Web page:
I often forget that in 2001 I worked at Atlantic Records. It was such a bizarre position that, every day I was there, I wasn’t sure I still worked there. Now, almost twenty years later, I’m not sure I ever actually quit, like maybe I could just show up tomorrow and everyone would shrug and go on with their business. I don’t think I even had a job title. I would say that I was excited to work at Atlantic because, as a longtime fan of Atlantic R&B, it gave me a chance to be part of a recording heritage that included Aretha Franklin, Otis Redding, and Ray Charles. It’s the label that released Roberta Flack’s “Killing Me Softly,” and goddamn that is a great song. Mostly though, I had been unemployed for several months and was just happy to have a job.
It turns out Atlantic in the year 2001 had a slightly different roster of artists than the ones with which I was familiar.
My first day I met with someone who was the head of something. She was a nice, efficient, business-like professional; a slightly older British woman who dressed smartly and conservatively and who overlooked the fact that, at 29 years old and ostensibly a professional myself, I was still dressing the casual slob. I’m not 100% certain who she was or what she was in charge of, but I assume I fell under her department since she called me into her office for a “getting to know you” session. And maybe her name was on my paycheck? When asked if I was familiar with any Atlantic artists, I rattled off the list of soul and R&B greats that formed a good portion of my listening.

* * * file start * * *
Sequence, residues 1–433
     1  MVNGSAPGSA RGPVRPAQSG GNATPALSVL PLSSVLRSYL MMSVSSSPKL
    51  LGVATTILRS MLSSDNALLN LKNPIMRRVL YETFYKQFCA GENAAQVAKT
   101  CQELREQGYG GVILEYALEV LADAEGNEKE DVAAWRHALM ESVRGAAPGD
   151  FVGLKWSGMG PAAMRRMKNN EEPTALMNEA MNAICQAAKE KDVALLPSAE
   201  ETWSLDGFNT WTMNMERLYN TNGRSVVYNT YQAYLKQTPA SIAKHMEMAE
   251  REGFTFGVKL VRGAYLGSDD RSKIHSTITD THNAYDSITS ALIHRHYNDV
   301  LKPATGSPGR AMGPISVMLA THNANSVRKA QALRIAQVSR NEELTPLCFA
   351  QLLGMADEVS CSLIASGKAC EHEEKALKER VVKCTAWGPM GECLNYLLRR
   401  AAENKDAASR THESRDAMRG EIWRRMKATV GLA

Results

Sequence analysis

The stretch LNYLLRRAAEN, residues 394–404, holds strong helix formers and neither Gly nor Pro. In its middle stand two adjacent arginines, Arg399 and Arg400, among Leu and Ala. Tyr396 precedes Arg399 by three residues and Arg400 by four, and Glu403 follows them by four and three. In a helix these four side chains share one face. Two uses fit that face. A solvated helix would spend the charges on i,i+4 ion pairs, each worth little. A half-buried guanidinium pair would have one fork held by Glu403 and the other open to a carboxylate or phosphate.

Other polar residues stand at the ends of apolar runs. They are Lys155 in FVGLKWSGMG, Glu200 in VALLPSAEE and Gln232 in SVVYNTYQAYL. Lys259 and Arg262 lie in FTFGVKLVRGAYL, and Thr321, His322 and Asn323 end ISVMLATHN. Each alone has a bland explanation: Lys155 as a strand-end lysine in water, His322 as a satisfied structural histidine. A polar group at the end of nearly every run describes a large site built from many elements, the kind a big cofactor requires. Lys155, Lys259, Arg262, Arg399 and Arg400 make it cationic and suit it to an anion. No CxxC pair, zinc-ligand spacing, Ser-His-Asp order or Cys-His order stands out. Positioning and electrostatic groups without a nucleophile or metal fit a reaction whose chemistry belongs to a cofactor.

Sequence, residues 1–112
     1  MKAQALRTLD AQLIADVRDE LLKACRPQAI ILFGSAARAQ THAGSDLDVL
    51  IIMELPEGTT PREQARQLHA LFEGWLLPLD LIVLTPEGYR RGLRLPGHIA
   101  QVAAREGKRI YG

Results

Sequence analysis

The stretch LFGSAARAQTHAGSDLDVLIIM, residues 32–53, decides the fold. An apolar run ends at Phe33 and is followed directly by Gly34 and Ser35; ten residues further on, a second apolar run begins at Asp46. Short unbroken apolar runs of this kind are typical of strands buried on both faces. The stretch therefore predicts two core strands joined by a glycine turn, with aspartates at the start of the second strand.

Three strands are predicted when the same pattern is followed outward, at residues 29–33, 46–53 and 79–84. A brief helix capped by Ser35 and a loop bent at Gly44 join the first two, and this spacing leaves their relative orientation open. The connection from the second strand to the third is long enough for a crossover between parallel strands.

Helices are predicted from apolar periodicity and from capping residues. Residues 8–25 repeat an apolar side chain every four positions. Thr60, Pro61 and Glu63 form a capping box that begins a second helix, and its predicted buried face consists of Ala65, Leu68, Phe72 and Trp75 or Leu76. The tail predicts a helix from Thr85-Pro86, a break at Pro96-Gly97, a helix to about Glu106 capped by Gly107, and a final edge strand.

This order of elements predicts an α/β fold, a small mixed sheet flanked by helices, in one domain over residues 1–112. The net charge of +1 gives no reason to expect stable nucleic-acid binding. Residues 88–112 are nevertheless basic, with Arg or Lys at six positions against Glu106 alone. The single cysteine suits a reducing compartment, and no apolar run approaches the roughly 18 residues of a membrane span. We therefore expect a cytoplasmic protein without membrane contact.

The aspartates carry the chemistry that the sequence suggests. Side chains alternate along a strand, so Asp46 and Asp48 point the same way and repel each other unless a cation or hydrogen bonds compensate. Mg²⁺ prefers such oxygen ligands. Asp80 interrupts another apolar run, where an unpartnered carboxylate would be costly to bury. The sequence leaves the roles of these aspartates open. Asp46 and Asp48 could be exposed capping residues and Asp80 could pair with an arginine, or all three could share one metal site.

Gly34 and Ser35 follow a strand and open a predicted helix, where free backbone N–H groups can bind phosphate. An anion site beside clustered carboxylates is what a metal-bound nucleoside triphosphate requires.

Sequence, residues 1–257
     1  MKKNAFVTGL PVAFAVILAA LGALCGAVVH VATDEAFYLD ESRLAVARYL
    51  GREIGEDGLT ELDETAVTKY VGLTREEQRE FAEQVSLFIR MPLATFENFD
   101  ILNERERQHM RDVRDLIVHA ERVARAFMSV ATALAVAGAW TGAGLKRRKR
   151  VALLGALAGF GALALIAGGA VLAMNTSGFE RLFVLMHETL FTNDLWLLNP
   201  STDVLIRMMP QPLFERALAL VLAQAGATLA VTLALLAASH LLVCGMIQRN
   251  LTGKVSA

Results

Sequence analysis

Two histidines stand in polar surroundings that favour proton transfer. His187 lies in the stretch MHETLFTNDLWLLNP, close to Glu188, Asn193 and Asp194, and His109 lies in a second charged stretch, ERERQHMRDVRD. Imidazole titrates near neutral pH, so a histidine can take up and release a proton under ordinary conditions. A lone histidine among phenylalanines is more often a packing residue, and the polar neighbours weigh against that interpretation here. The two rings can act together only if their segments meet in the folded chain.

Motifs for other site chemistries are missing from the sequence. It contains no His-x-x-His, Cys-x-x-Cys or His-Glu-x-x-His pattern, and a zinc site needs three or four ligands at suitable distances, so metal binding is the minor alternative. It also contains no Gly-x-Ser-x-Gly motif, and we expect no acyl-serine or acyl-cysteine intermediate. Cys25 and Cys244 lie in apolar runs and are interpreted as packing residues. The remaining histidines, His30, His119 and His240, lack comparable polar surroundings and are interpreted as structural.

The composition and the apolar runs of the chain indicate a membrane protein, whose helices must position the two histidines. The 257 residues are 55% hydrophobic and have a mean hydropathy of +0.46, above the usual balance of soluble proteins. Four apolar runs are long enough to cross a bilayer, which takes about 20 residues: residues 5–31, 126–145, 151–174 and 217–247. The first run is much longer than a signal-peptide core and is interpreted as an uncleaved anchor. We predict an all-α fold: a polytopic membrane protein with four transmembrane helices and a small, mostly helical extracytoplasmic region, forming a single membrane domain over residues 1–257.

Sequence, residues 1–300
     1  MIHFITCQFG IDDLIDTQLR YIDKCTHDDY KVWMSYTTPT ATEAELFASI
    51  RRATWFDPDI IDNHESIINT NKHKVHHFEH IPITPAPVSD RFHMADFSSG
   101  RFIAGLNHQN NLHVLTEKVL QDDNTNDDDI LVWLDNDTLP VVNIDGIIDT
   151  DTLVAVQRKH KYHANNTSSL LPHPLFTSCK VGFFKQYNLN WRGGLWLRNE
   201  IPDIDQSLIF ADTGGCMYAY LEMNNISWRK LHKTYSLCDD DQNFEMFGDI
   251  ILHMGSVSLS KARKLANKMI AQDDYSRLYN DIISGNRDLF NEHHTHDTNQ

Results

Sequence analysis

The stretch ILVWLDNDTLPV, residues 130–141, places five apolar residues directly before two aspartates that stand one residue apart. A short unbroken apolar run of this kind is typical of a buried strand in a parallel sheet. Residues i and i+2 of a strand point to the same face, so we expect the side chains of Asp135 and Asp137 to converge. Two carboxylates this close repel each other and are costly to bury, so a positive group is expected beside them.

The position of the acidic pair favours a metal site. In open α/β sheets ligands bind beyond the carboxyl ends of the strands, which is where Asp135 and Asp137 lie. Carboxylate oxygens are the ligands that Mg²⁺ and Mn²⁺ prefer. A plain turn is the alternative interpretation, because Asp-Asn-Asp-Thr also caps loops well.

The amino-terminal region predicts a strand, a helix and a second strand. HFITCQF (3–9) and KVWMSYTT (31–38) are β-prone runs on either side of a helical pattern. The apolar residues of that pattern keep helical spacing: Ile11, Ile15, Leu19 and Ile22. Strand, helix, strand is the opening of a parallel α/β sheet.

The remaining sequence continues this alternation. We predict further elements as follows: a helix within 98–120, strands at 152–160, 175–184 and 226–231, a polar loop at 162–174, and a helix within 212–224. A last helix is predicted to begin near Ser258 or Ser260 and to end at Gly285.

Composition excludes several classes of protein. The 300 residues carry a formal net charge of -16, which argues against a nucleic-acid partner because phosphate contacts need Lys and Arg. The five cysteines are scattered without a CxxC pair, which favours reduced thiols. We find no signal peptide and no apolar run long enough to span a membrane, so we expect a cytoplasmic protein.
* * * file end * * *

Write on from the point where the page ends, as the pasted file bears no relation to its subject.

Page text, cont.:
“Are you,” she asked, struggling for the polite way to say it, “familiar with any of our more current artists?”
I confessed that, having spent the 1990s immersed in punk rock, I had no idea who was on the Atlantic roster and probably wouldn’t recognize the names if they were relayed to me. She assured me that was OK, but that I should get up to speed if I was going to be working with these folks. Egos, you know. No artist wants to work with a guy whose first words are, “Hi, I’ve never heard of you.” She then extracted a box of CDs from her desk and issued them to me. “Oh,” she said in an upper class accent as she handed a disc to me, “this one will be good for you.” Which is how I came to own a Trick Daddy album.